On April 5, more than 1,000 college and graduate students from 50 states and six continents will convene at Washington University in St. Louis for the sixth annual Clinton Global Initiative University (CGI U). Students will meet with President Bill Clinton and Chelsea Clinton to share their commitments to action to address the most pressing challenges facing their campuses, communities, and the world, including education, environment and climate change, human rights, poverty alleviation, and public health.
In a conversation with President Clinton this morning, he described the program. Students will meet with world leaders, as well as celebrities who represent NGOs and causes, present their commitments to funders, who will provide more than $400,000 in seed funding in addition to mentoring, and work together on a "done-in-a-day" project installing a solar energy system in a Gateway STEM High School in St. Louis. "We chose this particular school to work with because it’s focused on raising the level of science, technology, engineering, and math (STEM) knowledge among students who would have been left behind," Clinton explained. STEM education is widely recognized for preparing students for today’s technology-oriented job market.
During the interview, I asked President Clinton if the CGI U experience stemmed in part from his meeting President John F. Kennedy in 1963 as a 16-year-old delegate to the American Legion Boys Nation. "Very much. Once you’re around leaders, you can imagine becoming one," Clinton said. "I want the students to imagine that they can have influence. That they can live a life that has integrity and impact."
Clinton commented on "how deeply these kids believe when they leave CGI U" and expressed his wish that their commitment to serve "should be integrated into their way of living for the rest of their lives."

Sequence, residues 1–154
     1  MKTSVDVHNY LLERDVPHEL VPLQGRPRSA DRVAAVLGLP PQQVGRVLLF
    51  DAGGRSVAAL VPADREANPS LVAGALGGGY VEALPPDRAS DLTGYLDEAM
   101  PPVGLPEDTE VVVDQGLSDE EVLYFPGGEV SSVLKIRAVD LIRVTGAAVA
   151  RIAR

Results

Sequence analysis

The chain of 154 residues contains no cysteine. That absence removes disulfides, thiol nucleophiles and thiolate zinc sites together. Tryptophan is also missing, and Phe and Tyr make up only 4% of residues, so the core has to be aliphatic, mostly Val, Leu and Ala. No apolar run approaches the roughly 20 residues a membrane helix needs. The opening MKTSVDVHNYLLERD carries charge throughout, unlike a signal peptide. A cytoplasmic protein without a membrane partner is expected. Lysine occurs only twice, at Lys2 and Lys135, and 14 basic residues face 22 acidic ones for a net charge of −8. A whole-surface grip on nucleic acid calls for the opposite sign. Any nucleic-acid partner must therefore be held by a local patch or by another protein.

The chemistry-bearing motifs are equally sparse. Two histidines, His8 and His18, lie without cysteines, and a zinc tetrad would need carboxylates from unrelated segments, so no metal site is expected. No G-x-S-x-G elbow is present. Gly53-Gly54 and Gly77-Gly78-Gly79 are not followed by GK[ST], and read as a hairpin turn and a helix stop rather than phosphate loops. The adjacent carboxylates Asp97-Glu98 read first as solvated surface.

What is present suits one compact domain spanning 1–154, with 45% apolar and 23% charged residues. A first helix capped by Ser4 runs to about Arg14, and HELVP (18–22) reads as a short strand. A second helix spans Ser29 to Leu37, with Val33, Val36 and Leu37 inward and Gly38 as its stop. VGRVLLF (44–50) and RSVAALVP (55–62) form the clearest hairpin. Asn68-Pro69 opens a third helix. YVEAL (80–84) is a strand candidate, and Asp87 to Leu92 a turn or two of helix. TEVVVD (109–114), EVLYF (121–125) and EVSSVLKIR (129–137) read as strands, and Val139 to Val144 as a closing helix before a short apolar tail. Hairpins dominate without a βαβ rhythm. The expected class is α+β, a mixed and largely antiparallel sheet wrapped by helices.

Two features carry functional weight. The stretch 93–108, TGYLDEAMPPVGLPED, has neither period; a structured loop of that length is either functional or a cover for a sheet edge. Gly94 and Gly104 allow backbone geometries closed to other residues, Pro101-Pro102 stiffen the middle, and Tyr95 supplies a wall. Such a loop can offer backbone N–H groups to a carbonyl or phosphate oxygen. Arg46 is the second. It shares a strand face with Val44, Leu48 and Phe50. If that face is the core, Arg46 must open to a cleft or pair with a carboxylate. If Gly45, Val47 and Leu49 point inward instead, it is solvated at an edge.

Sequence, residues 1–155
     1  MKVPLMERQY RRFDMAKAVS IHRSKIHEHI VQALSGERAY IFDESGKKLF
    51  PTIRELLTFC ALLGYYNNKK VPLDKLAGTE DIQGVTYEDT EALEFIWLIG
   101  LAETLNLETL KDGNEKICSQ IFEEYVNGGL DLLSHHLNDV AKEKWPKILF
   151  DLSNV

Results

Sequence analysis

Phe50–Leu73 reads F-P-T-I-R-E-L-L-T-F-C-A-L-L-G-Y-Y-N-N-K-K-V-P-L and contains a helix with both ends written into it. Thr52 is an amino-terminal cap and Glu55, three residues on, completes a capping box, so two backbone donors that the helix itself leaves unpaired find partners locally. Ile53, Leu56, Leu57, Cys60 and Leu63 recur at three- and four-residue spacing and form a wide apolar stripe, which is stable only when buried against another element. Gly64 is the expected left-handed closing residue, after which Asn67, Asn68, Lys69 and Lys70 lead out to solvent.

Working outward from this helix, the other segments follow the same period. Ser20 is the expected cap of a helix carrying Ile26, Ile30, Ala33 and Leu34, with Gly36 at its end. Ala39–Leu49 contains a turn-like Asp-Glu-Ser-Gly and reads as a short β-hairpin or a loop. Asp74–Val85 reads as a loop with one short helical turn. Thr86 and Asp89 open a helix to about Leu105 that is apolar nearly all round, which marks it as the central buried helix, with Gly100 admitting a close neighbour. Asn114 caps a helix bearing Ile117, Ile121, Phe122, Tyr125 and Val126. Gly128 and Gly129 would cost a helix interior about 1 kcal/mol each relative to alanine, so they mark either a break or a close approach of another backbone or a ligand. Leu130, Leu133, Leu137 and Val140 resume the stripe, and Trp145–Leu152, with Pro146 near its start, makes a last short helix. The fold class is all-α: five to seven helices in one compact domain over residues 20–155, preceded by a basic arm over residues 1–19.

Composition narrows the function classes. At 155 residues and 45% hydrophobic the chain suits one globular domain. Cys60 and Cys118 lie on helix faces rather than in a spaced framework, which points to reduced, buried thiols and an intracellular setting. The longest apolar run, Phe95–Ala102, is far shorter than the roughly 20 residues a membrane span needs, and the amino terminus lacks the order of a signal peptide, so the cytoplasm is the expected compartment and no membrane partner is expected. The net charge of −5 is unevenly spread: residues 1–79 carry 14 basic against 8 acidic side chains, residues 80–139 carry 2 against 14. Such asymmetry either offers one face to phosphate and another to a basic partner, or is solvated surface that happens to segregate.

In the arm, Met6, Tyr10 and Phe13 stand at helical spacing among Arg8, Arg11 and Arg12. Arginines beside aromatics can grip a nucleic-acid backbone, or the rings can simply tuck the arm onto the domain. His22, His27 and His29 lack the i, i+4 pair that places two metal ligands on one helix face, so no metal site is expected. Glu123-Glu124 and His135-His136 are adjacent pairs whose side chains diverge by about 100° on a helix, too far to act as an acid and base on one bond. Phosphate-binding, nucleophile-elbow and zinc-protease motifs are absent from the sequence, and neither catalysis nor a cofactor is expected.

Afshin Khan’s lifetime commitment is quite certain. She is launching a program this summer to teach women in Pakistan how to sew in order to fund education for themselves and their children. A graduate student at Emory University studying public health, Khan launched her project to focus on women who are victims of domestic violence—a problem she says is prevalent. "This is about empowerment and increasing the literacy rate," says Khan, who is partnering with the Khyber Welfare Organization, an NGO in the outskirts of Karachi. She is joined by fellow Emory students Harisha Kadali and Annum Shaikh.
"I know what’s possible. I grew up in an area where education is absolutely forbidden for girls and boys alike. I was told ‘you can’t do it. It’s not possible,'" Khan says. "Yet, I’ve done it every step of the way."
Khan’s mother made it possible for her to get an education. "Mom pushed against everything. It’s changed me. It’s given me a voice to talk for people who have no rights. I’m the first person from my community to step inside a school. It’s an honor and a shame. I’d like to see that change in every person. Education is empowering. You know what’s right and what’s wrong and what’s your right." Her plan is to study medicine and work in complex humanitarian settings where there is chaos as a result of nature—earthquakes and floods—or political instability.